St Louis police offer to fingerprint all the children in #Ferguson


#1

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#2

I’ve never understood how this helps anyone but the police. Maybe it’s a crime deterrent knowing the cops have your prints. But for missing/abducted kids? How does it help there? Would DNA samples help too?


#3

I have always thought that the fingerprinting kids for ‘teh children’ was a bit hinky. They use military fingerprint databases and arrest(not conviction) prints for criminal investigations, what cop would allow this collected treasure trove be discarded when the kiddies arrive at age of majority and civil rights.


#4

I remember this from my childhood. My town was just starting to grow and experience gang and drug problems.

The justification was the same, but it was the 80’s and kidnapping FUD was a thing, so that was a probable factor as well.

In today’s day and age of DNA and Dental identification, there’s no excuse for this. Children are treated as the next generation of criminals.

What I don’t remember is whether parental consent was involved. I have many questions on this practice if anyone is part of law enforcement.


#5

I know after getting arrested/printed for protest in a group on several occasions I have always felt that chilling sensation, more inclined to consider what allegedly protected activities I participate in. Maybe it is also being old and having kids to worry about, but I think the feeling is stronger with my prints in a file containing who knows what other information.


#6

Why don’t we just jump straight to the radio collars/RFID implants. That’s what these f… these people want anyway. Perfect enforcement of tragically-imperfect laws.


#7

In their defense, this will be a time-saver when being booked prior to your first railroading on a drug charge, or when IDing the body after you get shot by the cops…


#8

It never even dawned on me until now. This idea is always sold to us as helping to save kidnapped children, but it could not possibly do that, except maybe by identifying a fairly fresh corpse found hundreds of miles away. I can’t remember a case like that, ever. We are always presented with the kids as victims, but whoever initially developed this idea wasn’t thinking that at all.


#9

Look on the plus side. It makes good material for SNL…
http://snltranscripts.jt.org/02/02chardball.phtml


#10

Yeah, how exactly do they think this is going to prevent kidnapping? Is kidnapping really such an extensive phenomenon or more like some irrational stranger-danger craze?


#11

Collar? Sub-dermal or inter-ossia (or whatever “in the bone” would translate to) is the way to go. :wink:


#12

Not to rain on the parade, but the cops don’t keep the fingerprints–they’re distributing kits,for the kids/parents to keep at home (edit) and using their mobile video, digital scanning equipment and printing to make the cds with the info and create an ID card (/edit). The fingerprinting is just a smallish part of it–pictures, descriptions, audio and a video are part of the usual kit, which could be useful for a few reasons to have for your kid, even beyond crazy-kidnap-paranoia. I agree the finger prints are the least likely to be good for anything but body id or silly rare cases of identifying a runaway that turns up 10 years later–but… again… the parent’s both make it and keep it --not the police). At least that’s how it works with that particular kit everywhere else I’ve heard of it.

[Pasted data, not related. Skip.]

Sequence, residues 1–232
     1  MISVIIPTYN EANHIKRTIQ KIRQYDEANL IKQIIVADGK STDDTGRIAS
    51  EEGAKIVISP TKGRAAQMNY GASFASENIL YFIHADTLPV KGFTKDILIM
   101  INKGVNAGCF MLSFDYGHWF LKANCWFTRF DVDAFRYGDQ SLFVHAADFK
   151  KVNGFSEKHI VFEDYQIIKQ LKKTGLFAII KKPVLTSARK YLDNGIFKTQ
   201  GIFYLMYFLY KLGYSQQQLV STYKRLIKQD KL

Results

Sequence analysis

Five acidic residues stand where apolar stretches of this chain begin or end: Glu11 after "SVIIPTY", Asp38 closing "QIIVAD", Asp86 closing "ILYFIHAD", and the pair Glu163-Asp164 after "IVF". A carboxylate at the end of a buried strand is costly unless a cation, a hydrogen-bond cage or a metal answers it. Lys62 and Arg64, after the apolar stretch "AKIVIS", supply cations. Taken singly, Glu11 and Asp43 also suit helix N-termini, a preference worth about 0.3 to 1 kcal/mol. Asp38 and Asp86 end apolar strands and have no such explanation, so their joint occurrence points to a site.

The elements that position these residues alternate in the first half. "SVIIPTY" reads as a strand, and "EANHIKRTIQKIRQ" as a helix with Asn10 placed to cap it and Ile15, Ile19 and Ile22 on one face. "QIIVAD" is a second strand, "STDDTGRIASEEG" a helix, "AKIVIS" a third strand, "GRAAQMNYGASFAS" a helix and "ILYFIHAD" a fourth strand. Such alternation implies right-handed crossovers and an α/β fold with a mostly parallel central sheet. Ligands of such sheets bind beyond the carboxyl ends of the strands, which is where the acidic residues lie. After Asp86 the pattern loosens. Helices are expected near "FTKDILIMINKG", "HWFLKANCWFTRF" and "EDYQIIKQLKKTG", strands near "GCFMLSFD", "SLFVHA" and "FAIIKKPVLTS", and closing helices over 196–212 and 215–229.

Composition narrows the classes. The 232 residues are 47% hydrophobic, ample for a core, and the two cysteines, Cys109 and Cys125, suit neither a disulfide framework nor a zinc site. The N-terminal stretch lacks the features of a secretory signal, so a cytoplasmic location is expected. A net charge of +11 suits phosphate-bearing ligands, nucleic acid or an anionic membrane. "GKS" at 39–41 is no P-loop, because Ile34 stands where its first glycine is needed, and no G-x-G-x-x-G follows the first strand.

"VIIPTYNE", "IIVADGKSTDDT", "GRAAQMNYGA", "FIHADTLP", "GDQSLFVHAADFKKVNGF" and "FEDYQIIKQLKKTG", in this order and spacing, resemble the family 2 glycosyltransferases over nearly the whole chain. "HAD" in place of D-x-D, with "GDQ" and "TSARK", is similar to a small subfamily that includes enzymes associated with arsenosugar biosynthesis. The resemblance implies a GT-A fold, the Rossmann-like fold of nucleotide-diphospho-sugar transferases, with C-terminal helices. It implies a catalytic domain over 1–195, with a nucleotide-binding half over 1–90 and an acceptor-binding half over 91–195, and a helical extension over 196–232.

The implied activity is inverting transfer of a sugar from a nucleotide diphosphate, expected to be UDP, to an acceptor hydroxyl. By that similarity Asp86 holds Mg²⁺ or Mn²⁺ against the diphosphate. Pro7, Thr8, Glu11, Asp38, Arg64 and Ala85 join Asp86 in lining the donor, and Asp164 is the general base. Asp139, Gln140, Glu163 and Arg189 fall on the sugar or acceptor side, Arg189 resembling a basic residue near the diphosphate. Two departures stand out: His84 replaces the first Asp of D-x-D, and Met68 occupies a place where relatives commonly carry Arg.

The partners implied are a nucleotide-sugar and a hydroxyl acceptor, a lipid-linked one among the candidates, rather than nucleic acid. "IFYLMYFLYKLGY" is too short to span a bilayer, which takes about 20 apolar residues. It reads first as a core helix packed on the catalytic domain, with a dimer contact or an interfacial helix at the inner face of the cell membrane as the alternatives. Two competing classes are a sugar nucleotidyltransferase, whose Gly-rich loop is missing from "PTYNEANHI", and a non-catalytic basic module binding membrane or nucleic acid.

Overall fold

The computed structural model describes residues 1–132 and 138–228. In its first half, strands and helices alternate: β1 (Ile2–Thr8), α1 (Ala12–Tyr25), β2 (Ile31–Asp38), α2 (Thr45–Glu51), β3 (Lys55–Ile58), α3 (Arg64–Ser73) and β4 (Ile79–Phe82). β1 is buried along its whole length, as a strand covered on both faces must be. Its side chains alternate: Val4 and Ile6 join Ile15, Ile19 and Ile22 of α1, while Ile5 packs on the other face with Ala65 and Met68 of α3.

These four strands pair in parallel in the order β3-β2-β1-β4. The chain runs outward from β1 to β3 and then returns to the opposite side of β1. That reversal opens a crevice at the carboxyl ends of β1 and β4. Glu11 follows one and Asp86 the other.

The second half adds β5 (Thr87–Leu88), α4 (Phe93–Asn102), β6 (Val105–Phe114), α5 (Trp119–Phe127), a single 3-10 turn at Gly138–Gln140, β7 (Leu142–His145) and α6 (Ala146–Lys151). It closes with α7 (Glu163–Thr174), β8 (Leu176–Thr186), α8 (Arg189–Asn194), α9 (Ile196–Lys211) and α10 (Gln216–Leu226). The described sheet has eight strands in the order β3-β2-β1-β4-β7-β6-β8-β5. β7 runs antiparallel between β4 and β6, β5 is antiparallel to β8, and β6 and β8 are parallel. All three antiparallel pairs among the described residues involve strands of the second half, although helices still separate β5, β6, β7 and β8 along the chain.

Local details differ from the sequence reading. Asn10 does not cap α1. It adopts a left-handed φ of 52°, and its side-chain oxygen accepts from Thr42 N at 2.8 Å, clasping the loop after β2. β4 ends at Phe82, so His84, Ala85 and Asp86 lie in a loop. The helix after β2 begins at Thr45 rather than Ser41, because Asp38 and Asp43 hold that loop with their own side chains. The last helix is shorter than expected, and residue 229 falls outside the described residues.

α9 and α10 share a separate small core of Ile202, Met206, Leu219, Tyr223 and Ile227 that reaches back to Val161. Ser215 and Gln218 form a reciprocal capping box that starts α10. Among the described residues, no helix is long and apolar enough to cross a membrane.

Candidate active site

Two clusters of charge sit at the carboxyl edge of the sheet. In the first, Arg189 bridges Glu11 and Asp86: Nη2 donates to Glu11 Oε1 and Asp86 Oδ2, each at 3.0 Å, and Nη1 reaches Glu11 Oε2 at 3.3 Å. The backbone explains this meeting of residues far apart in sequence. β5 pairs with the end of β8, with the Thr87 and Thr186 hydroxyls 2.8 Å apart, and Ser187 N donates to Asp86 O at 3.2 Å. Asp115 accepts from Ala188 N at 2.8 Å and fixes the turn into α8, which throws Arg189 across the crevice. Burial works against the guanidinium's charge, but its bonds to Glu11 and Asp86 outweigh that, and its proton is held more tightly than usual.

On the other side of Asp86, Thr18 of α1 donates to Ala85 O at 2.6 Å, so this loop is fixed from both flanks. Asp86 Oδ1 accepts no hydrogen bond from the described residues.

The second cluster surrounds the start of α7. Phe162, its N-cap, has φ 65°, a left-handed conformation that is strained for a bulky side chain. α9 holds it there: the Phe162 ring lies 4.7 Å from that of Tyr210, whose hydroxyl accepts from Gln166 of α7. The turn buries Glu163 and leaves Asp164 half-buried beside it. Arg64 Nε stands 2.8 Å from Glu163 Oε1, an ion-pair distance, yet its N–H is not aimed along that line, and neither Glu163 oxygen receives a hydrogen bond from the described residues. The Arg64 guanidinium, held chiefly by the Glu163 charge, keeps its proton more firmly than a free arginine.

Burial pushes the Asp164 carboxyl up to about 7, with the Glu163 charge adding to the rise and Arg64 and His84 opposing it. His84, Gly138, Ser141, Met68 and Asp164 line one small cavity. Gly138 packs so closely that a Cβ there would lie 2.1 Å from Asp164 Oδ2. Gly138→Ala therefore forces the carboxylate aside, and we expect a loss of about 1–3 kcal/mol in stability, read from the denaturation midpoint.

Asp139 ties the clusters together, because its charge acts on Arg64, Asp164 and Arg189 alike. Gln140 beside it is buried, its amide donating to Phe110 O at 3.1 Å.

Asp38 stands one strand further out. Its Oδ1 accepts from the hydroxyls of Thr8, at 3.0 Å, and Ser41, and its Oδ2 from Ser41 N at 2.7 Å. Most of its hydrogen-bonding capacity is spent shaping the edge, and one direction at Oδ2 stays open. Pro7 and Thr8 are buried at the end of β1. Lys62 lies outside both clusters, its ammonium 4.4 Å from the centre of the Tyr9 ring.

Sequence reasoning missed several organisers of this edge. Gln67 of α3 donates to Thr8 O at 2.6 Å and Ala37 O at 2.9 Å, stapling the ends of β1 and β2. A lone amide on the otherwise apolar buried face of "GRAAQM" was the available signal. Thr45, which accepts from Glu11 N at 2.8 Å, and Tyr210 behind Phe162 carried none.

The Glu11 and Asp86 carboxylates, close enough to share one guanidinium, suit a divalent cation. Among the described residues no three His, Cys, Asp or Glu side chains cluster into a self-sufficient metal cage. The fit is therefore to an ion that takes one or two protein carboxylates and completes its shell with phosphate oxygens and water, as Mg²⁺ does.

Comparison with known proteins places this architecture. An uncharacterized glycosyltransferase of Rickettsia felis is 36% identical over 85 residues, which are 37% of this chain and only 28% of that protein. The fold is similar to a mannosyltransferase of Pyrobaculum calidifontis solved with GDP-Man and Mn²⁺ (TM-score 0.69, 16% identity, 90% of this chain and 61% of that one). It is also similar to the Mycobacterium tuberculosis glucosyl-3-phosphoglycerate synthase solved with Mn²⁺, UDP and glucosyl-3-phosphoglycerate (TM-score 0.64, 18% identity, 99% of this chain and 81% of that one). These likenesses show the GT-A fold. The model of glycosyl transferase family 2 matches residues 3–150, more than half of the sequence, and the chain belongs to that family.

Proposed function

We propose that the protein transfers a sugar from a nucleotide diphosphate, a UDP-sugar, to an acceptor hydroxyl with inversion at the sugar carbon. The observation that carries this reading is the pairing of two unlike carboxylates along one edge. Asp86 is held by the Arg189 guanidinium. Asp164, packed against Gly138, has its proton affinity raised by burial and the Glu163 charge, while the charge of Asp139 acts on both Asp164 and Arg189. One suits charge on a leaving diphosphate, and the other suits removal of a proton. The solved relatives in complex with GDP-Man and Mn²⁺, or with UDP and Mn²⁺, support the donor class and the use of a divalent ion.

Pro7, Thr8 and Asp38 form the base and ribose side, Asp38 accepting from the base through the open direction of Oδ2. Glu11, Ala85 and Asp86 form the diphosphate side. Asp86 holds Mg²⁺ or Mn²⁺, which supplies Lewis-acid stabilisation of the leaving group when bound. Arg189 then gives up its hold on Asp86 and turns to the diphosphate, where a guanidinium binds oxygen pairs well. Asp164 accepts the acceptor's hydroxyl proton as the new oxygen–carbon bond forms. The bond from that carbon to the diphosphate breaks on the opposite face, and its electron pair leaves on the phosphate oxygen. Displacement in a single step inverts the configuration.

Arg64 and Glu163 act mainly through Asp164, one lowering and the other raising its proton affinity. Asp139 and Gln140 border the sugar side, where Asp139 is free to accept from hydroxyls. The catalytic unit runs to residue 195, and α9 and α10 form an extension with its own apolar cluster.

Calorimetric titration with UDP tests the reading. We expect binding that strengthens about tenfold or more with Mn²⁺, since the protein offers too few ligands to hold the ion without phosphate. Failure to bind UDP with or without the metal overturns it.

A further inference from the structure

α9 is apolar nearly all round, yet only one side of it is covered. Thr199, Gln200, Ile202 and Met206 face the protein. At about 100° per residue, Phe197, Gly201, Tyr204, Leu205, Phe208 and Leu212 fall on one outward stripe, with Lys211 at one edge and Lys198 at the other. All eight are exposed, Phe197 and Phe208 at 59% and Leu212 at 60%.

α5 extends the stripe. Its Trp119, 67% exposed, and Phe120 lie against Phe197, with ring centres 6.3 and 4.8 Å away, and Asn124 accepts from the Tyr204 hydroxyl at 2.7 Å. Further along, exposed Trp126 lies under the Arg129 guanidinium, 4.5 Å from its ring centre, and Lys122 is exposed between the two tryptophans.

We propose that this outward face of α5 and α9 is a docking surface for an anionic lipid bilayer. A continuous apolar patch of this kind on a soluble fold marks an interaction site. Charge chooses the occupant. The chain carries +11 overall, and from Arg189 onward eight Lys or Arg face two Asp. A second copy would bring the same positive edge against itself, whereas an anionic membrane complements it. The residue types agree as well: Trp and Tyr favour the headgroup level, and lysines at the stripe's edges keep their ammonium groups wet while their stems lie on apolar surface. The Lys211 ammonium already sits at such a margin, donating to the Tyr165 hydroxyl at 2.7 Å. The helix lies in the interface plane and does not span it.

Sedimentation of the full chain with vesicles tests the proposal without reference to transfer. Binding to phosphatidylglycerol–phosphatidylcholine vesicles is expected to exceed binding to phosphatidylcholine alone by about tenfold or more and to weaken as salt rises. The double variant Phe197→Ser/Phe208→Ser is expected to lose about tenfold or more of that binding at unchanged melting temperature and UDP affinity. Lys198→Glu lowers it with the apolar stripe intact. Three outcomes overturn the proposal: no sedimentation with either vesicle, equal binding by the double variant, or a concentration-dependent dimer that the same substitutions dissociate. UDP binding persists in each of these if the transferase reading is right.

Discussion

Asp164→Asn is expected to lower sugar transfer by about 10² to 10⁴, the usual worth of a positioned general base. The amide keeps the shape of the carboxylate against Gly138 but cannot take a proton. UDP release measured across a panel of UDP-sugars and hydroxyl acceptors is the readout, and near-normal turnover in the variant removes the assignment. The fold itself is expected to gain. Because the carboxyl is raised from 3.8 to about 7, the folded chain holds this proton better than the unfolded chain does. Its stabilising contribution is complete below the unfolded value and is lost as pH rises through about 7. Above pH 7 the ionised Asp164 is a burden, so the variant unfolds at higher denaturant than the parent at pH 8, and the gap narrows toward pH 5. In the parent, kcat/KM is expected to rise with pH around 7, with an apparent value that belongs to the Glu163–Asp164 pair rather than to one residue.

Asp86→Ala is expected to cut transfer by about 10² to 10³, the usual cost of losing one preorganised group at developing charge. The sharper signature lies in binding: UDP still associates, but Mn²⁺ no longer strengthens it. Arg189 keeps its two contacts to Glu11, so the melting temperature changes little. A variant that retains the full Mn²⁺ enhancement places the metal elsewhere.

#13

This was exactly my argument when I was a kid. I distinctly remember the policewoman telling me that it didn’t matter what I thought because my parents had agreed for me to be fingerprinted.


#14

When I first saw this, I could have sworn that they said that they were giving the finger-print cards to the parents to save for the implausible contingency in which they were needed, not keeping the cards themselves. This would be equally useless, but less sinister. Is it clear that they’re keeping the cards now? If so, ugh.


#15

That’s the only important point: if the parents are the sole custodians of the fingerprints, then this is a good idea (at least, if the parents have the decency to give the kids, upon reaching legal adulthood, the option of having the records destroyed). Giving this info to any government, or non-government, organization is a terrible idea.


#16

Well, yeah, but as a minor you’re pretty much screwed – same as if your parents said you have to attend School A even tho’ you wanted to go to School B.


#17

With explosive bolts over the jugular for perfect and swift justice.


#18

I looked at the photographs. The police are using a fingerprint scanner connected to a laptop. That means they are COLLECTING and probably STORING fingerprints in a database.


#19

It’s shaped charges, you insensitive clod.


#20

Most people don’t have the ability to scan a fingerprint, or make an id card. So, yeah, they setup mobile stations to do that, and print the card/generate the cd to give to the parents. They say explicitly all over the place that their not keeping the data, for what its worth.

But, sure, they “could” be lying about keeping the data and this is all a huge, secretive scheme to get fingerprints for our children. After the revelations on phone monitoring, who knows? Sounds a bit far-fetched though in this case, as the data isn’t that useful considering the size and potential outrage such a back-door program would cause were it to be revealed.